16.9 Miles, Parker, Arizona

Parking

Substantial room around the claim.

Resources

No resources defined.

Other Items of Note

60 acres – 3 Lode Mining Claim(s)

Acres and Type of Claim
60 Acre Lode Claim
Purchase Price
$300,000

Mining Claim Description

The following is a compilation of the historical assertions and statements regarding the property. These sources Mining Engineers, USGS Geologists, Bureau of Mines staff and Masters Thesis. According to historical documentation and validation from Mining Engineers, the reserves at the New Standard Mine are worth at least $355,840,000.00 (Three hundred fifty-five million eight hundred forty thousand dollars).

History:

The Standard Copper Company acquired this property in January of 1917. The prior owners invested $100,000 through the development of five shafts. After it was bought, the Standard Copper Company invested $35,000 in exploratory drilling. By 1919 the property had shafts that ranged from 10' to 100', and was further developed in 1921 where the shafts ranged from 10' to 365'.

Mining engineer E. J. Costello made this statement in 1919.

“I think there is a good chance to find large deposits of secondary enrichment, as the conditions are favorable, the ground, due to extreme fracturing, has carbonates of copper in most all fractures and cavities, but the porphyritic schists being almost thoroughly leaches, the values would in that case be carried down with the water and reprecipitated, as the natural solvents are in the field and would grow progressively richer with the continuation of the process. Those I believe to be the conditions of this property.”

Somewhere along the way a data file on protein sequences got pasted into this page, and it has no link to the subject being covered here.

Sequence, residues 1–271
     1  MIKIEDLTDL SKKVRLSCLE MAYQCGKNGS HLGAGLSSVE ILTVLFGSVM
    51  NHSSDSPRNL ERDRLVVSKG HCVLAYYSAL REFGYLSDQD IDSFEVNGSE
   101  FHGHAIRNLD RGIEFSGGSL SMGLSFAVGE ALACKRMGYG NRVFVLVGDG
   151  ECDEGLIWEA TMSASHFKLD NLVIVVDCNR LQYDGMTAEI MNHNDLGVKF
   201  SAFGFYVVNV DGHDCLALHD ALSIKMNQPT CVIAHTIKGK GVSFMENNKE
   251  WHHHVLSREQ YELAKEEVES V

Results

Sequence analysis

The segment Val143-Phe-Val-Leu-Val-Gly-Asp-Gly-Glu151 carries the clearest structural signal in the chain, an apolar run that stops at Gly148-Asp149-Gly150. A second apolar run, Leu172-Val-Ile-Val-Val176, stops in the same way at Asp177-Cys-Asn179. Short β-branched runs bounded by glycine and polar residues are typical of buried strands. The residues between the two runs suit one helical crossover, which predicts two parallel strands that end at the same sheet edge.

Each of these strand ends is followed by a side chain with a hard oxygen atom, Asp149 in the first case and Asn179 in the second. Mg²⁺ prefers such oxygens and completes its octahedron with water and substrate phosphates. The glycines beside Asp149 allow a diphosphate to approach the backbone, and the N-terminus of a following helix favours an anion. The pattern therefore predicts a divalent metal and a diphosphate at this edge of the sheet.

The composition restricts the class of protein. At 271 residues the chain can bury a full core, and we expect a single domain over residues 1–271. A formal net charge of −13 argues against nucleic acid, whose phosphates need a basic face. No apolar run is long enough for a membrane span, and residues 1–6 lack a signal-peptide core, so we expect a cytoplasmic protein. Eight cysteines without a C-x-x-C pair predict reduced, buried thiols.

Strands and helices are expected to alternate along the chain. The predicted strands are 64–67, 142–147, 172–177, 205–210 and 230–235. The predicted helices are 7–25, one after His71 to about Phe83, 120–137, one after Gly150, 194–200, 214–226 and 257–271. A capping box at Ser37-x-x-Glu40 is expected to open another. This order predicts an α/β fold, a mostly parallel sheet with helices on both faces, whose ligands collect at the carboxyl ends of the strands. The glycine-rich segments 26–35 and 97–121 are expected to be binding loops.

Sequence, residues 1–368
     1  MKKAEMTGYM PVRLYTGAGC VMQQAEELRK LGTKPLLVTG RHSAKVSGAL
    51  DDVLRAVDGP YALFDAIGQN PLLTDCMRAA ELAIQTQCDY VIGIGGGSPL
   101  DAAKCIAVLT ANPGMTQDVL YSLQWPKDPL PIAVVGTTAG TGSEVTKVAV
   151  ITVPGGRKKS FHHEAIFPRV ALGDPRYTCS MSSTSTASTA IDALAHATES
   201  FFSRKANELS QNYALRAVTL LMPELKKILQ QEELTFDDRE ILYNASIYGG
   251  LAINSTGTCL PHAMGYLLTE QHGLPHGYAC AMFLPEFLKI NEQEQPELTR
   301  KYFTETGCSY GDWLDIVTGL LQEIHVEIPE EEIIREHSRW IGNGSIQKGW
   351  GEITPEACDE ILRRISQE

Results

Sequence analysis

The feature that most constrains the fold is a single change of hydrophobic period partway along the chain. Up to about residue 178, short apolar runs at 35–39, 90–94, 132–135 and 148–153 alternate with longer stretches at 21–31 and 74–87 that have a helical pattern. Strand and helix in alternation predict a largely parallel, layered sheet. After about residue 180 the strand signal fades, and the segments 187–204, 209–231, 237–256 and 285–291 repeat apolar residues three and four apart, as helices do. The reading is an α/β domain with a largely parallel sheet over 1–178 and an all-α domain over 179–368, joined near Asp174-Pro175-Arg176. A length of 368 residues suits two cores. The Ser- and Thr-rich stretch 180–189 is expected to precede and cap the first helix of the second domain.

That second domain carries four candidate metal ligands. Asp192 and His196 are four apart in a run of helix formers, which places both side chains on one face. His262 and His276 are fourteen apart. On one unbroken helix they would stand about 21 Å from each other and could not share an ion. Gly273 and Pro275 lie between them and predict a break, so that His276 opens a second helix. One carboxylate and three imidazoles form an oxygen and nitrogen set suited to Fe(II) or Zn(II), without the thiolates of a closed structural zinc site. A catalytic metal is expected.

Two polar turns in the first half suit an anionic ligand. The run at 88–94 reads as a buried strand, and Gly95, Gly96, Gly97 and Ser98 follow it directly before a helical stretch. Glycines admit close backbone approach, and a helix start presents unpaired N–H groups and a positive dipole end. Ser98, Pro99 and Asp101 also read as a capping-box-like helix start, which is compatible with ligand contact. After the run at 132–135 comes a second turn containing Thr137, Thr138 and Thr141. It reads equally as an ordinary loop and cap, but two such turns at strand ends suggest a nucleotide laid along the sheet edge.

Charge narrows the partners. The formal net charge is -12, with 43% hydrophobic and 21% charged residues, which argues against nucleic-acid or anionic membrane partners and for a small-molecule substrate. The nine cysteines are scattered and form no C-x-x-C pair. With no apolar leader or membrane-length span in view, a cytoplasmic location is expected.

"Samples collected in the New Standard mine and Little Golden prospect areas have anomalous concentrations of gold, cobalt, copper, and iron, and slightly anomalous concentrations of silver, barium, bismuth, molybdenum, lead, antimony, and tungsten. Gold was detected in five rock samples.”

"A common suite of elements found in anomalous concentrations is evident in analyses of stream-sediment, HMC, and rock samples from around the Pride, Mammon, and New Standard mines, the Little Golden prospect, and prospects near Squaw Peak. Anomalies are relatively strong for copper and iron, relatively weak for silver, barium, bismuth, molybdenum, lead, and tungsten, and variable for gold, arsenic, cobalt, manganese, antimony, and zinc. "

A 1920s report from a T. E. Kelso, a Mining Engineer from Los Angeles, CA stated the following:

“The geological conditions here are almost identical with the other large porphyry deposits of Arizona. The formations of the district are principally shales, andesites, rhyolites and granites, porphyry and schist. Overlying these is the pre-cambrian limestones.

It is characteristic of this district that the values in Gold·, Silver and Copper increase with depth, this having held true in all the mines now producing. The altered silicified zones lying in lenses between the porphyries are apparent.
The leached portions of the. surface exposes and promises a large amount of carbonate ores rich enough to leach on the ground.